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Friday, 9 August, 2002, 02:25 GMT 03:25 UK
Colombia's Uribe sends in the spies
Alvaro Uribe with officers in Valledupar
Uribe won votes for his tough security platform
Alvaro Uribe has used his first working day as president of Colombia to make good on an election promise to create a huge network of informers.

We call on all Colombians to cooperate

Alvaro Uribe

The controversial scheme is aimed at beating the country's powerful illegal armed groups.

On a visit to the north-eastern state of Cesar, Mr Uribe set up the first group of informers - 600 unarmed volunteers who will work alongside the police and army.

Colombia has been plagued by civil war for decades and the new leader's inauguration was marked by a wave of bomb blasts in the capital, Bogota.


The BBC's Jeremy McDermott says that the new informer network - billed during the election campaign as a "million-man militia" - is particularly aimed at establishing authority in the half of the country currently under the domination of Marxist guerrillas, right-wing paramilitaries and drug barons.

Police search after palace attack
Colombia has been at war for nearly four decades
But human rights groups have already expressed concern over the plan, arguing that it will drag more civilians into the civil war.

The proposed informer groups also risk evolving into new paramilitary groups.

Our correspondent says that Mr Uribe threw himself into his new job on Thursday, travelling around the country amid huge security, seemingly undaunted by Wednesday's bomb attacks.

"We call on all Colombians to cooperate with the armed forces with the aim of defeating the violent minority," said Mr Uribe, speaking in the city of Valledupar.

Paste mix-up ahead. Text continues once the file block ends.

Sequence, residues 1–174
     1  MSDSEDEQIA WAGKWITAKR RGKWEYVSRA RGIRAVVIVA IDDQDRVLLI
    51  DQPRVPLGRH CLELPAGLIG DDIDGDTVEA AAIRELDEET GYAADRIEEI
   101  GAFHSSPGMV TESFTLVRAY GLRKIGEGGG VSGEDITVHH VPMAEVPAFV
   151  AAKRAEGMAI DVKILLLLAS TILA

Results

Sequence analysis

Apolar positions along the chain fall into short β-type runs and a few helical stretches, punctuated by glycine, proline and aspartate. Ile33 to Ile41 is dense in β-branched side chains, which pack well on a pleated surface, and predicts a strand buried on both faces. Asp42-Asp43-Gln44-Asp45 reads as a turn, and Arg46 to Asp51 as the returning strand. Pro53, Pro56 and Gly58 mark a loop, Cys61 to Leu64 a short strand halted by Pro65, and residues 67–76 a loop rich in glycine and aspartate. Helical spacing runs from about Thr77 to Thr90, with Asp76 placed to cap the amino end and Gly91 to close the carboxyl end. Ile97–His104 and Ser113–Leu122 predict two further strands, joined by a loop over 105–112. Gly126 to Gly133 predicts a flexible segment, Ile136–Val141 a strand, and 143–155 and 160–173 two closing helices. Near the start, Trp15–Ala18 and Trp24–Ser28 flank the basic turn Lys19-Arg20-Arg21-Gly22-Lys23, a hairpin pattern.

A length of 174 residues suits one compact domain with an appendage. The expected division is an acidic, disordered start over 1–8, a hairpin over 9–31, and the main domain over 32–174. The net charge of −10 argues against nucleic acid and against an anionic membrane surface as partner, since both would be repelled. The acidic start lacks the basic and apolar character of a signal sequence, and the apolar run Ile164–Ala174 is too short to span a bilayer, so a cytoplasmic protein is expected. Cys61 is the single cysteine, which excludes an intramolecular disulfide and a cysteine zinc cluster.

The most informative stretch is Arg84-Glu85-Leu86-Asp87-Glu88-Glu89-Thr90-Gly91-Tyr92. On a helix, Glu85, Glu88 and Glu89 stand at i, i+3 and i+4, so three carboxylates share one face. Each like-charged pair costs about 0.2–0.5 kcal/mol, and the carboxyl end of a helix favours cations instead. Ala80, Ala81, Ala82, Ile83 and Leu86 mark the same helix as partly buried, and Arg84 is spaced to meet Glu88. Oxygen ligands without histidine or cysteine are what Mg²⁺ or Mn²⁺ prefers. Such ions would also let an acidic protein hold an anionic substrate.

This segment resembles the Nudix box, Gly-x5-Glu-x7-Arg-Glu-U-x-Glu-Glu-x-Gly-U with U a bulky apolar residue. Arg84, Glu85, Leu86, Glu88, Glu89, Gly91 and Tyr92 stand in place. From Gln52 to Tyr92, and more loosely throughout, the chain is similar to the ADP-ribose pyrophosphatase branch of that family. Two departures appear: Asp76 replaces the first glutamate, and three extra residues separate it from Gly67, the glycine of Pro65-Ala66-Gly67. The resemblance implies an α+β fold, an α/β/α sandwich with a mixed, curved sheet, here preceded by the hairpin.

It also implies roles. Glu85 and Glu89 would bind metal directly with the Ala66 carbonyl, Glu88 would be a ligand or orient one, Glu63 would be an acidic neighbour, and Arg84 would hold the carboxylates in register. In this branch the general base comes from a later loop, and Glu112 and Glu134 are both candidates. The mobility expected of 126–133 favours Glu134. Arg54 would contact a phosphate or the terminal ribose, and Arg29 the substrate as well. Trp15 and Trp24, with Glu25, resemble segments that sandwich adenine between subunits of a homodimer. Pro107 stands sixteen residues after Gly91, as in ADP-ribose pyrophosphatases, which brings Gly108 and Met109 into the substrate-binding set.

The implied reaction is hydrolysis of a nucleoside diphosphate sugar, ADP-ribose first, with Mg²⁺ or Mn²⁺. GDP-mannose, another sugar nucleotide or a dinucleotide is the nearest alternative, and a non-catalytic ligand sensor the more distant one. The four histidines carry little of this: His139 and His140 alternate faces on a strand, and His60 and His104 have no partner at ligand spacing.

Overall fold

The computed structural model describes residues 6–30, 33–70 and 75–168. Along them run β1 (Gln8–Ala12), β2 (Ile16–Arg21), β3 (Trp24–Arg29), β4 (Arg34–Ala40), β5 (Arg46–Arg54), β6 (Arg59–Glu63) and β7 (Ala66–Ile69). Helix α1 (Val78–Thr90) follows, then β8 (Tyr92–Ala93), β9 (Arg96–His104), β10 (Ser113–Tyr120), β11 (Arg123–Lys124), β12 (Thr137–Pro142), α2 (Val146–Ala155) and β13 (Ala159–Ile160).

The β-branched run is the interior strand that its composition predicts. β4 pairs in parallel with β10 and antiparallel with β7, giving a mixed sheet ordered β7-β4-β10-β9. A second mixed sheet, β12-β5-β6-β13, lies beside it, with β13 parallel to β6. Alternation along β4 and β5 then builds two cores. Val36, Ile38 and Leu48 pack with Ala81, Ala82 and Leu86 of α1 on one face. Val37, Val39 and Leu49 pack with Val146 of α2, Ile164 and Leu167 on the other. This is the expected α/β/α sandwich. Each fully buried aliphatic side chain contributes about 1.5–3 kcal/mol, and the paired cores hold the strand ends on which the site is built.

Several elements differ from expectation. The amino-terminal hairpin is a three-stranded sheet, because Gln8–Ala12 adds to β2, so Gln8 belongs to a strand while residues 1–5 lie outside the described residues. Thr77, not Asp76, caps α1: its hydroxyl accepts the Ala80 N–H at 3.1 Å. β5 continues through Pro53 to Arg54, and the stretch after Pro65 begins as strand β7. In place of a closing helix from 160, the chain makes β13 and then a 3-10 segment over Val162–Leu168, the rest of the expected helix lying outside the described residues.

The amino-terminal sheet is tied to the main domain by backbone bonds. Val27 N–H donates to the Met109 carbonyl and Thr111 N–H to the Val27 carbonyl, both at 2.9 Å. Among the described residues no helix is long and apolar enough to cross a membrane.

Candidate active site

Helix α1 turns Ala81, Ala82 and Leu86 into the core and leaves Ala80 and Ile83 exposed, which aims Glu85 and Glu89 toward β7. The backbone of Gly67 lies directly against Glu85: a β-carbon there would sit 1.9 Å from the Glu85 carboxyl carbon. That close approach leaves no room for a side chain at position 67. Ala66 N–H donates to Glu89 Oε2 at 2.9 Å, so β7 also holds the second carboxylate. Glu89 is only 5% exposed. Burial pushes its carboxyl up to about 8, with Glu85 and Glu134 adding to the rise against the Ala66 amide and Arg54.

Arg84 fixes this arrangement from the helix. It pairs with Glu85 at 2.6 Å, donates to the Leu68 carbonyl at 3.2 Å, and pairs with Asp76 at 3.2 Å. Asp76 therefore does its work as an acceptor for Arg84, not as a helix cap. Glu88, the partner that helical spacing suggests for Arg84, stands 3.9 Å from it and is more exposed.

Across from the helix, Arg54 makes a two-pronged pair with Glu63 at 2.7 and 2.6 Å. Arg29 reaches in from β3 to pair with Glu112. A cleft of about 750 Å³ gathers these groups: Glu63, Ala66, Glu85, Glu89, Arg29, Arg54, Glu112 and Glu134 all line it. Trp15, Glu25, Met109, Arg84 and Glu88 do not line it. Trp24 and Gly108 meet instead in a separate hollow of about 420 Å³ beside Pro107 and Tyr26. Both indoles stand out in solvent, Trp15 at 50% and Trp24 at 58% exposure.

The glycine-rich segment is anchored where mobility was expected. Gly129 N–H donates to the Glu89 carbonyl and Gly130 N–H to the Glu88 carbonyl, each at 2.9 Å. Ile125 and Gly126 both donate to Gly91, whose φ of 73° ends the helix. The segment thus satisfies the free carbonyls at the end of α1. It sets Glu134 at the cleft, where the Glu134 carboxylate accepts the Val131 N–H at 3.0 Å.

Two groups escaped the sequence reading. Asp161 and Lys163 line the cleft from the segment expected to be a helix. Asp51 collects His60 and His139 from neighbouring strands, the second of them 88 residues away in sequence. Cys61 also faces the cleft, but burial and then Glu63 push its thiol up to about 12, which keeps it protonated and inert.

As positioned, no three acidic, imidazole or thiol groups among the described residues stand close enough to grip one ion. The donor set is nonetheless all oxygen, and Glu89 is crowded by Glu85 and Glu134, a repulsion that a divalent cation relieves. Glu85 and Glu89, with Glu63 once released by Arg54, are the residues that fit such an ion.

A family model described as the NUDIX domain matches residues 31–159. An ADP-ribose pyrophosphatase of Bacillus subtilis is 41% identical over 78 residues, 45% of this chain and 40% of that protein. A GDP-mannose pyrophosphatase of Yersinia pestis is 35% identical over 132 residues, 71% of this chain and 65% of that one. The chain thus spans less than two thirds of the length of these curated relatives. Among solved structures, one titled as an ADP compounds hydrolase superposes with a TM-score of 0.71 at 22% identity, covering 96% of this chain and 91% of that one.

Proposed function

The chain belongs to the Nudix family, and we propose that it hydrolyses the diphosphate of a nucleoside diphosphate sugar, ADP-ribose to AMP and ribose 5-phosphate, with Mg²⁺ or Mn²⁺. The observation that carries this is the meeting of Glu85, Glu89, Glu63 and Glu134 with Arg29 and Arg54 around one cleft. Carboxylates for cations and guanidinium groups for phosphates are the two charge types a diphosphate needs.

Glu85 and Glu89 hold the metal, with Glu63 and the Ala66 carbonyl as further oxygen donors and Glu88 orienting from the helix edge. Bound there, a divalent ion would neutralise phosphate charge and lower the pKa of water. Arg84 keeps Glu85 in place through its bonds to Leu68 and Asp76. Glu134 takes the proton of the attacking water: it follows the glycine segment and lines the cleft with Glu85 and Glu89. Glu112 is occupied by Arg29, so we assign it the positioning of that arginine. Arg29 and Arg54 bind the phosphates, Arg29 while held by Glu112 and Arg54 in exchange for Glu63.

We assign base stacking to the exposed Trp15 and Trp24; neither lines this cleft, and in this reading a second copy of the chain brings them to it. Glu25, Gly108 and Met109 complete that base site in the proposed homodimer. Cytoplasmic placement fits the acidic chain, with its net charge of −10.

Cool performance

The death toll in an attack on the presidential palace has climbed to 17 and more than 60 people were wounded.

Someone to spy on: Colombia's groups
Revolutionary Armed Forces of Colombia (FARC) - the biggest Marxist group
National Liberation Army (ELN) - FARC's leftist rival
Self-Defence Forces of Colombia (AUC) - rightwing paramilitaries

On radio stations across the country, people were asking how President Uribe would be able to reconquer the country when the security forces could not even protect the seat of power.

But, looking relaxed, Mr Uribe spent his first day telling people they must overcome fear and get involved in the struggle.

Nobody could stand on the sidelines as the civil conflict increased in intensity, he said.

On Thursday, President Uribe also spoke by telephone to United Nations Secretary General Kofi Annan - who has helped the previous administration in its peace effort.

UN spokesman Fred Eckhard said Mr Annan had accepted Mr Uribe's request to continue to provide his "good offices" to pave the way for a resumption of talks.

However analysts point out that UN help in Colombia failed to save the last set of negotiations.

Gail MacLellan reports
"The new president urged people to work together for peace"

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